There are still a great number of features that I have not got around to writing a post about when it comes to using threejs. Many of these features are basic things that I should have wrote about a long time ago, one of which is just using the texture loader to load external image assets. Once the images are loaded they can then bee used a as textures for the various maps of a material such as a color map, or emissive map just to name a few.
There are a number of loaders built into threejs itself and the texture loader is one of them, there are also a number of official loaders in the examples folder that have to do with loading all kinds of external file formats used by various 3d model editing programs such as blender such as the dae file loader.
In these examples I am using an absolute path to a file that I am hosting locally with the system that I am using. I will not be getting into the specifics about the differences between absolute and relative paths here as that is a bit off topic. However if you do not know what I am taking about then you should read up more on the topic of absolute and relative paths as it is something that you should get solid sooner or later.
On top of being able to use canvas elements and everything there is to work with in the 2d drawing context of canvas elements there are also data textures.
When I wrote this post and the examples for this post I was using r127 of threejs. I have got into the habit of making sure I always make note of the version of threejs that I am using since there are always code breaking changes being made to the library.
In my test threejs repository on Github the source code examples that I am writing about here can be found. I am also parking the source code examples for my many other posts on threejs there as well.
I often like to start out my post with a basic, simple hello world type example of a threejs feature. So in the example I will be loading just a single image that will be used to create a single texture. This single texture will then be used to create just a basic color map for an instance of the THREE.BasicMatreial. I will then be just creating and adding a cube to a scene object that will use this material.
In this example I just passed a string to a single image as the first argument, and I also passed just a single call back that will fire when the loading of the file is done. So then there is the question of what to do when it comes to loading not just one file, but a few files. Also what if there is a problem loading one or more files? With that said there should be a way to set a callback that will fire when something goes wrong. So with that said I think I should get around to making at least a few more examples of this texture loader, and many get around to even writing about some alternatives to using the texture loader.
So then there is the topic of how to go about loading more that one texture in threejs as the texture loader by itself will just load one image at a time. Well I am sure that there are all kinds of ways to go about doing this, here I have an example that I worked out real fat that makes use of the Promise all method, along with the array map prototype method to all the texture loader more than one time for an array of urls.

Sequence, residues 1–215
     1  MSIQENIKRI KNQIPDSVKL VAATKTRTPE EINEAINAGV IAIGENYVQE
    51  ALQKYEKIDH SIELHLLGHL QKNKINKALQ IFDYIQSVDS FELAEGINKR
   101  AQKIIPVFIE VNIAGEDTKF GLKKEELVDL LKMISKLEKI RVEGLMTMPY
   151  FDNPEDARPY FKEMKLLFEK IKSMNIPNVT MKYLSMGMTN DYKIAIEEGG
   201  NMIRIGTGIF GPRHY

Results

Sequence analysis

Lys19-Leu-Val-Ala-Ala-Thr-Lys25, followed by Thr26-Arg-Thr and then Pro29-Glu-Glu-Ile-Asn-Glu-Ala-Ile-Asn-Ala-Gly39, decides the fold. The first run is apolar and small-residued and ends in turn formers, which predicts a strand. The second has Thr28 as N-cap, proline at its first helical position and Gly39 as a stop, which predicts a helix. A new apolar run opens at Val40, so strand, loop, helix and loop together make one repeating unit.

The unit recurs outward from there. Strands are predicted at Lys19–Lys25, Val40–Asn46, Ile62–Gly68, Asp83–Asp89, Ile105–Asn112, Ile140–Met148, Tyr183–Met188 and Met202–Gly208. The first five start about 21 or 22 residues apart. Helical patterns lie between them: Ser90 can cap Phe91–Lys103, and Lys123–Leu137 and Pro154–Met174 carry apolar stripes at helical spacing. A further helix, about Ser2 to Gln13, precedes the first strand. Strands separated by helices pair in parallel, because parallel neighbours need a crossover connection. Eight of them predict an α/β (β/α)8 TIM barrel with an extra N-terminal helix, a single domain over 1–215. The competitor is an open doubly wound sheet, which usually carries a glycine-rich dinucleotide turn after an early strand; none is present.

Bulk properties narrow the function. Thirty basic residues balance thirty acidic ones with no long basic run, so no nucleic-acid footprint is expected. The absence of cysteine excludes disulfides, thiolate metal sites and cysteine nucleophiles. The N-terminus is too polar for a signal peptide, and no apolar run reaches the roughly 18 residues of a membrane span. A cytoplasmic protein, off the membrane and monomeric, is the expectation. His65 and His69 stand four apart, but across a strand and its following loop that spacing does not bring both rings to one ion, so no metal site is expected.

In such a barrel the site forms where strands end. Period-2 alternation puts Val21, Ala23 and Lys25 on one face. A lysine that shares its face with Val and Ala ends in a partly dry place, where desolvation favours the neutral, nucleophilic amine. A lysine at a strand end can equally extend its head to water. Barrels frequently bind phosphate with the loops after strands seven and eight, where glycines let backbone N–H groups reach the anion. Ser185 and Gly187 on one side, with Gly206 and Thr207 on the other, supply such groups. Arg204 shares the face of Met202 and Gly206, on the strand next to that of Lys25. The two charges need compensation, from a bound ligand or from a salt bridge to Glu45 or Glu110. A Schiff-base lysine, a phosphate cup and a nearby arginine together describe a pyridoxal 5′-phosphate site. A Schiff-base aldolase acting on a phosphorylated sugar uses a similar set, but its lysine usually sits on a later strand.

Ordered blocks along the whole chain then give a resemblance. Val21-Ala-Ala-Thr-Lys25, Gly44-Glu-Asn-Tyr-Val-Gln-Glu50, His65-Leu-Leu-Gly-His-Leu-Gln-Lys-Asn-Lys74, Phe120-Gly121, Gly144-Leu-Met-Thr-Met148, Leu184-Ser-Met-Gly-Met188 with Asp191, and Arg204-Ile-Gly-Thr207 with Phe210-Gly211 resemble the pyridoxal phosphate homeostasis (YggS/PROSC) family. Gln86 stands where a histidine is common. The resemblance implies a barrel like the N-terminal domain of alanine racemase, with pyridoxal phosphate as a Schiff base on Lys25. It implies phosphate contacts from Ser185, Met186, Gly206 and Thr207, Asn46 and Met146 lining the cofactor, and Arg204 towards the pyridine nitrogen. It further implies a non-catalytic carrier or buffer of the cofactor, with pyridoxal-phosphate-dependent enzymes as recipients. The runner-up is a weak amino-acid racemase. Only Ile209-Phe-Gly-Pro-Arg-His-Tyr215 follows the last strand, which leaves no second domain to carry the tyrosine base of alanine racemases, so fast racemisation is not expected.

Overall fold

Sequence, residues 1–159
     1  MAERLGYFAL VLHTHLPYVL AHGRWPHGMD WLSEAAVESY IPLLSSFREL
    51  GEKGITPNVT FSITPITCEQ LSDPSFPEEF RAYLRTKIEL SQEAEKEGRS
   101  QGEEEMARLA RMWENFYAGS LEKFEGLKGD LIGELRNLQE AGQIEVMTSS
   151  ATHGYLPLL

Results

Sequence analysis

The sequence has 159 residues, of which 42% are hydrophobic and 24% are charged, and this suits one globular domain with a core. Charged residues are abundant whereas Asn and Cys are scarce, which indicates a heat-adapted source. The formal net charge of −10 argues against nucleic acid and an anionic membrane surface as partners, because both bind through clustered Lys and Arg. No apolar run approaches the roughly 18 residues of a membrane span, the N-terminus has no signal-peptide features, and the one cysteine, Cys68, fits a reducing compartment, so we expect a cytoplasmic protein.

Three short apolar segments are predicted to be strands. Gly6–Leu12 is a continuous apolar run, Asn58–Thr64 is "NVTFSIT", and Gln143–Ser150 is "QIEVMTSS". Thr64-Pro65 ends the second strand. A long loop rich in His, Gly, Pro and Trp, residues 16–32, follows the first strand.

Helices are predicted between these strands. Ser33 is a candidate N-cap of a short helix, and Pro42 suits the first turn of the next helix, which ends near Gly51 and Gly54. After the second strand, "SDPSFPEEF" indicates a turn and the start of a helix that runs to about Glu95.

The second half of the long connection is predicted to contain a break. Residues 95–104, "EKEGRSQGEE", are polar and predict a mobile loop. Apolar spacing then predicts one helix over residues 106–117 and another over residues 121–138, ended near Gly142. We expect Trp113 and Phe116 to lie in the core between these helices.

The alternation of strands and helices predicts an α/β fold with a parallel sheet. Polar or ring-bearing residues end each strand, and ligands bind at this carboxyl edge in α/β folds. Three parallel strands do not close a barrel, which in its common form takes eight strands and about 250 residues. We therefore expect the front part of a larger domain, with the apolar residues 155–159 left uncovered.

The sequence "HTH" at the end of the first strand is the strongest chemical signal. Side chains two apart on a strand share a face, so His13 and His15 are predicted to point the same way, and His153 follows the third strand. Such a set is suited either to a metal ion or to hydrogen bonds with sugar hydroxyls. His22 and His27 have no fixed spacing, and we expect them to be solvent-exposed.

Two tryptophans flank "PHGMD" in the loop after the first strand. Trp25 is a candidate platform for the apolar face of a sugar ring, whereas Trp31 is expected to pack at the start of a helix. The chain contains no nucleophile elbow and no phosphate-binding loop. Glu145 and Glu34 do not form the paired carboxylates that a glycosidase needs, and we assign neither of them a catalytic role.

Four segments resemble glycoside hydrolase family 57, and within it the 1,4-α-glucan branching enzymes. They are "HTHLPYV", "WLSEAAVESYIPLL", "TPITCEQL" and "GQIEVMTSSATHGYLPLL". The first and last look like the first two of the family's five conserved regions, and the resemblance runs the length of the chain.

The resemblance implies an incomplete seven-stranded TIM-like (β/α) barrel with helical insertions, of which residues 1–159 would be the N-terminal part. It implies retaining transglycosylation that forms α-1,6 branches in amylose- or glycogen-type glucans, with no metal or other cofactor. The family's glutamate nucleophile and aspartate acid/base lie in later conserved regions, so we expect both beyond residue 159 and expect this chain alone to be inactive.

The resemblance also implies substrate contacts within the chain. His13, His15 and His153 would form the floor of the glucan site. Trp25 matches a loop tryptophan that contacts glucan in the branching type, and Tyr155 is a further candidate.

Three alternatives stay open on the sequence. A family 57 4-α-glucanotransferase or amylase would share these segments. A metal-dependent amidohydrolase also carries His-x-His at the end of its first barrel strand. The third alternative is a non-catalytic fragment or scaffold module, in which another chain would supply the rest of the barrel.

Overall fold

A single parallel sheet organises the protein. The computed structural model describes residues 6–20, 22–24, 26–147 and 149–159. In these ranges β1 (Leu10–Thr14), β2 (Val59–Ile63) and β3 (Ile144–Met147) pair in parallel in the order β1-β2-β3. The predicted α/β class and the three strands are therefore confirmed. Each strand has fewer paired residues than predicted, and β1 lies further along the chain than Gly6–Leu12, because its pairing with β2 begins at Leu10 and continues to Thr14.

The promise all is a prototype method of the native Promise object that should be there ti work with in all modern browsers, the array that is passed can be a collection of promise objects, and the returned promise object of the Promise all method will only resolve when all the promise objects in the array resolve. So when it comes to using this promise all method I often like to have a method that will return a promise object, and then just call that method in another function that will call it for each item in an array.
For this example I pass an array of urls to my load texture collection helper, inside the body of this helper that is given the array of urls I call the promise all method and pass the array of urls as the first argument, but I call the map method off of the array of urls, and call by load texture helper for each url. I then pass each url to the load texture method which wil return a promise object for each url using the texture loader for each image.
If all goes well the end result will be an array of textures that will be available in the next then function call of the promise returned by the load texture collection helper. However I think it is always a good idea to have something in place that will fire in the event that sometime goes wrong loading the files. For this example I just create a single cube that makes use of the normal material, rater than two cubes that use each of the textures with the basic material.
This is something that I put together pretty fast, and there are a lot of other features I might want to add when it comes to turning this into some kind of actual support library or something to that effect. However say you all ready have a great way to go about loading a whole bunch of image files just the way you like to, and you just want to create textures with those images that are loaded all ready. Well you do not have to use the texture loader, in that case the THREE.Texture constrictor can just be called and a reference to each image can be passed as the first argument for the texture constrictor.
That will be it for now on the texture loader at least for today, there is a lot more to write about when it comes to what to do with a texture after it is loader rather than just how to go about loading a texture. In this post I wanted to just stick to using an external image for a color map of a cube, but I did not get into the various other kinds of maps there are to work with in the basic material, as well as the many other materials that will work with light sources. However I guess getting into all of that would be a matter for another post.